Former deputy head Nikki Haydon leaves Haverstock School after 43 years
Long-serving staff member admits she's 'in denial' about finally leaving after more than four decades
25 July, 2017 — By Tom Foot
Nikki Haydon with her grandson Finley
NIKKI Haydon – a pillar of Haverstock School for 43 years – has admitted she still feels a little bit in denial about the fact she is retiring tomorrow (Friday).
The former deputy head, head of English and community coordinator is departing at the same time as headteacher John Dowd, whose retirement was announced earlier this year. “You have got to stop at some point,” she said. “When I knew John was going – I’ve worked under four heads – I couldn’t face starting again. I feel sad about it and a lot of me is in denial. It’s very odd to be 43 years in one place. I had two lots of three months out, both for my kids, but that’s it.”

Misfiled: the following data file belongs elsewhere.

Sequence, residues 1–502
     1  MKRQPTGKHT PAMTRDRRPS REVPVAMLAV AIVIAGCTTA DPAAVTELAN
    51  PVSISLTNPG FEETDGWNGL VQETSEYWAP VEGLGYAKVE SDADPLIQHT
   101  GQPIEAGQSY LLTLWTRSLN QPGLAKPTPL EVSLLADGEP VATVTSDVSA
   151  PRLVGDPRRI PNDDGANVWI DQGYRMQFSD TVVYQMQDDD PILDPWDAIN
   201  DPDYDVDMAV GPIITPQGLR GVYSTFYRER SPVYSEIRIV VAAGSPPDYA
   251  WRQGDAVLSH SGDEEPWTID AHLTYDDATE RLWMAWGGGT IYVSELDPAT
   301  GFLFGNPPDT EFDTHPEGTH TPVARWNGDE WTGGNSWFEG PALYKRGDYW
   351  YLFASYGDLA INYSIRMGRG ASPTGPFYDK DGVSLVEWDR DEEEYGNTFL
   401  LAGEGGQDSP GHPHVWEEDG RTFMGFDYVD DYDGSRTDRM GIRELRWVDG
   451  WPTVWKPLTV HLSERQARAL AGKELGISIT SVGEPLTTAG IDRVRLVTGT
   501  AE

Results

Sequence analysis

Last Friday night, she was given a standing ovation by 300 colleagues at an end-of-year send-off alongside Mr Dowd, who has spent 19 years at the school in Haverstock Hill, Chalk Farm. Ms Haydon, who lives in Primrose Hill, said her first move is to get her Italian back up to A-level standard.
She hopes to start volunteering at the Roundhouse and Age UK, while spending quality time with her five-week-old grandson Finley. Unable to leave completely, she plans to continue working at the school at the weekends running film and bingo sessions for over-60s and tea dances.
“I could not bear to tell the 50 older people that they could not come at the weekends,” she said. “There are not many things for the elderly to do on the weekends. I make them strawberries and cream.”
Ms Haydon retired as assistant headteacher seven years ago but continued as a community partnerships coordinator part-time, building links between neighbouring primary schools and Haverstock.
She said: “There are lots of disadvantaged children in those schools, lots of free school meals, but the children were so enthusiastic about what became a wonderful project. Michael Rosen came every year. It showed how really important the arts are. It was so sad when money was cut for that. Now there is no budget at all for this kind of thing. It’s the arts subjects that are being cut now.”